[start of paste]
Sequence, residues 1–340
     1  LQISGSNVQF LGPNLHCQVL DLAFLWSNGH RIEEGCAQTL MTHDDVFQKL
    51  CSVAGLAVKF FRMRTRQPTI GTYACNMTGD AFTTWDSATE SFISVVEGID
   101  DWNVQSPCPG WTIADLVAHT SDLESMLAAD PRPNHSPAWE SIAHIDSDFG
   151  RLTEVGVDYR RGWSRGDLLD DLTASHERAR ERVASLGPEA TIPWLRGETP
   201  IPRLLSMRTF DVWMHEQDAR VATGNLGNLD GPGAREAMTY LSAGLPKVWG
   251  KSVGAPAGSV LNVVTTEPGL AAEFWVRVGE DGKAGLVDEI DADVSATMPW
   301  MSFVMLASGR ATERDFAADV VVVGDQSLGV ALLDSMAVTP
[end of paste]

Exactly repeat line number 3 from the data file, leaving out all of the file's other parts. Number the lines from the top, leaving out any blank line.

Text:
    51  CSVAGLAVKF FRMRTRQPTI GTYACNMTGD AFTTWDSATE SFISVVEGID